12. Utah Jazz

  • Pick: Willie Cauley-Stein, center, Kentucky

Some people may have Kentucky’s Willie Cauley-Stein higher up on the board — we did in our first mock draft — but given how the chips fell, the draft’s top rim protector took a bit of a spill. If you’re the Utah Jazz, you are amped about this situation. With the 7-footer roaming the floor, the Jazz have found a monster big who can anchor their defense for years to come. Right, Larry Legend?

13. Phoenix Suns

  • Pick: Myles Turner, center, Texas

The Phoenix Suns land a great player in Myles Turner. He definitely needs some time to refine his skills, but there is a lot to like about the 6-foot-11, 240-pound center-power forward. He’s not just a big with top-notch hands. In his lone season at Texas, he averaged 10.1 points, 6.5 boards, and showed he could face up and hit the J. His ability to pick and pop will be very useful for this Suns team.

14. Oklahoma City Thunder

  • Pick: Kelly Oubre, small forward, Kansas

If Cameron Payne manages to fall to No. 14, we expect he’ll be suiting up for OKC next season. However, that doesn’t happen in this mock. So we’re thinking the Thunder will have no issue with drafting for potential, which is why they’ll roll the dice with Kansas freshman Kelly Oubre. With his insane athleticism and crazy 7-foot-2 wingspan, the Thunder need just be patient. With enough time to develop, this kid has the tools to be a star in the NBA.

Rudy Gobert is picked during the 2013 NBA Draft

Mike Stobe/Getty Images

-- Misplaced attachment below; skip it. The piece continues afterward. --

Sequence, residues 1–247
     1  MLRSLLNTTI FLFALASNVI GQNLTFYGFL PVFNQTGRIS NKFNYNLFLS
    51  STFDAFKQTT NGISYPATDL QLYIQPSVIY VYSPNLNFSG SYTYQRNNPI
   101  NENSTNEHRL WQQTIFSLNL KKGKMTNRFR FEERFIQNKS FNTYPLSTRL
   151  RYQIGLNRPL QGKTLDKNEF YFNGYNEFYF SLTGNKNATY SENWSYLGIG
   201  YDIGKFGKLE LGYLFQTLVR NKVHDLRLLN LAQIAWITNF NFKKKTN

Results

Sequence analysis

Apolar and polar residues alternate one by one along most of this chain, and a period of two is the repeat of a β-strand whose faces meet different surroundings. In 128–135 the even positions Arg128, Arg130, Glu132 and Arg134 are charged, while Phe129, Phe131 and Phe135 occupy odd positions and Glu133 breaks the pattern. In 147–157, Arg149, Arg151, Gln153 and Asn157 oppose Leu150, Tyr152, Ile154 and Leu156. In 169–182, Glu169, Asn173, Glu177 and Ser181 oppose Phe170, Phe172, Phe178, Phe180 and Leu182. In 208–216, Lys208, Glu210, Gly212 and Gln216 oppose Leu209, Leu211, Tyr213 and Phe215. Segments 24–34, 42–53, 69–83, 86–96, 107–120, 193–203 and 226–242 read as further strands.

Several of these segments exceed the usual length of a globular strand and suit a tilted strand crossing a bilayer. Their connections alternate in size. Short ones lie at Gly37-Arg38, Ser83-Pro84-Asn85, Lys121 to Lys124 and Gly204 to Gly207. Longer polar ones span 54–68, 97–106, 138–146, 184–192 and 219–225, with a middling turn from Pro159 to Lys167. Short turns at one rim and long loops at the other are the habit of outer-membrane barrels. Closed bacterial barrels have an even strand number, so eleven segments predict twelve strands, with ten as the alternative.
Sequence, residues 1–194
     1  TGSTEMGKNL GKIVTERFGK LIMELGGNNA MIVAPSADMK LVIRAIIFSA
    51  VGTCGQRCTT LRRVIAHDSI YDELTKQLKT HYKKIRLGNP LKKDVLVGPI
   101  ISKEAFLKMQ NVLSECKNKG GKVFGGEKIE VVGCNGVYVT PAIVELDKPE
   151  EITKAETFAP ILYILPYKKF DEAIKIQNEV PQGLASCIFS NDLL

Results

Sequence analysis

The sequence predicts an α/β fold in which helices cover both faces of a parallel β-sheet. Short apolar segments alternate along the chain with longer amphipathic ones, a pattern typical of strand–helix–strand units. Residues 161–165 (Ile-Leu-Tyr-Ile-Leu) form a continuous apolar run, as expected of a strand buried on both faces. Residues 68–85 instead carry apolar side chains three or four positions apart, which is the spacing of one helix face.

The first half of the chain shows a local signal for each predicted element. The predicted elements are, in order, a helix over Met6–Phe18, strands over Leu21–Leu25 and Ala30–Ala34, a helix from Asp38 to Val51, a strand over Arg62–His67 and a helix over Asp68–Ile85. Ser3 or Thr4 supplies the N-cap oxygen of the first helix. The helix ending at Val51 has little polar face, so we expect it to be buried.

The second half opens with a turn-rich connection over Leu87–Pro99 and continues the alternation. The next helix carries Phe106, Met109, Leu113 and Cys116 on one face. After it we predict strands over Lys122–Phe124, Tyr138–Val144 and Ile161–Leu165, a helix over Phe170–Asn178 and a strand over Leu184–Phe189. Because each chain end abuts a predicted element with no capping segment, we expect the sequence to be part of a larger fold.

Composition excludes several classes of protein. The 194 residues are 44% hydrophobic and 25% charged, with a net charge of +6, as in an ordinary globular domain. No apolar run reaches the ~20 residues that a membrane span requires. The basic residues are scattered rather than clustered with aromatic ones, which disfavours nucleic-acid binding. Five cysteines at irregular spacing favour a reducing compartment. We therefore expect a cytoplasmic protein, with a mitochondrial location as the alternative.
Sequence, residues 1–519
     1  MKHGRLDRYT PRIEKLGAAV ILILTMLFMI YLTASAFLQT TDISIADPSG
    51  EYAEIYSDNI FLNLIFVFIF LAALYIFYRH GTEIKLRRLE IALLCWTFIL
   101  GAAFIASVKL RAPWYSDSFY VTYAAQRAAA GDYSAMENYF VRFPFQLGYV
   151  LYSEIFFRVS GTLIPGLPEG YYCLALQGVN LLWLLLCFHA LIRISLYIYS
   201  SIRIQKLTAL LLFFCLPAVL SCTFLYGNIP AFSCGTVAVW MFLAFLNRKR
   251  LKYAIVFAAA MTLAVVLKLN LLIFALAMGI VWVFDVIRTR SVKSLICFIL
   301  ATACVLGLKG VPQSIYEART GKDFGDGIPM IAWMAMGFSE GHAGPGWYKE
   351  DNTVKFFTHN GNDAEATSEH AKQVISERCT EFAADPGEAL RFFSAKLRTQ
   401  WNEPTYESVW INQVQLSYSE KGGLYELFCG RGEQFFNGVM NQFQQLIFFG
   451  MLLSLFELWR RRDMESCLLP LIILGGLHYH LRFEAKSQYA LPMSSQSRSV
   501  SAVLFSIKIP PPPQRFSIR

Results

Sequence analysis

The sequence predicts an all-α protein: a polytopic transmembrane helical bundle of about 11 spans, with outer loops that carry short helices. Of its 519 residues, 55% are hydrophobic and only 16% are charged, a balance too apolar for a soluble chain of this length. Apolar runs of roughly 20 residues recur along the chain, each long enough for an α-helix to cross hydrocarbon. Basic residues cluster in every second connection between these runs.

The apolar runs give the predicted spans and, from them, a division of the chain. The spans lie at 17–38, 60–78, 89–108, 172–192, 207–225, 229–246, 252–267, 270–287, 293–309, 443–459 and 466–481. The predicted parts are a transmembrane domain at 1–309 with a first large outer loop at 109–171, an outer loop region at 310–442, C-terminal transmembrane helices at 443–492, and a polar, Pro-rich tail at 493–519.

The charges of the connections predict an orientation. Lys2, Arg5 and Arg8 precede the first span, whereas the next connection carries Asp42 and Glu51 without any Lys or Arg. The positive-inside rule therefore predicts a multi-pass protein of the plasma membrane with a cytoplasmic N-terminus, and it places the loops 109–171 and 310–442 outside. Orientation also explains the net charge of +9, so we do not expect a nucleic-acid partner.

15. Atlanta Hawks (via Brooklyn Nets)

  • Pick: Trey Lyles, power forward, Kentucky

We had Trey Lyles going lower in our previous mock draft, but we think he’d be a good fit in Atlanta. This team could use another player at the four and Lyles definitely fits the mold. The 6-foot-10 freshman was solid scoring option at Kentucky, proving to be a versatile player for coach John Calipari. Mike Budenholzer should have no problem finding a place for a player with a 7-foot-4 wingspan and high basketball IQ.

16. Boston Celtics

  • Pick: Bobby Portis, power forward, Arkansas

Bobby Portis stays firmly in the No. 16 position. The Arkansas power forward averaged 17.5 points, 8.9 rebounds, and 1.4 blocks per game and was named Second-Team All-American in 2015. As we said before, Brad Stevens will be a huge fan of this kid’s motor and explosiveness..

17. Milwaukee Bucks

  • Pick: Sam Dekker, small forward, Wisconsin

Sam Dekker will be a nice piece for Jason Kidd’s Milwaukee Bucks. He is tough, athletic, and a streaky shooter when he’s feeling confident. Also, this kid has an affinity for getting to the rim. If Dekker can become a more consistent shooter, he has a chance to thrive at the next level.

18. Houston Rockets (via New Orleans Pelicans)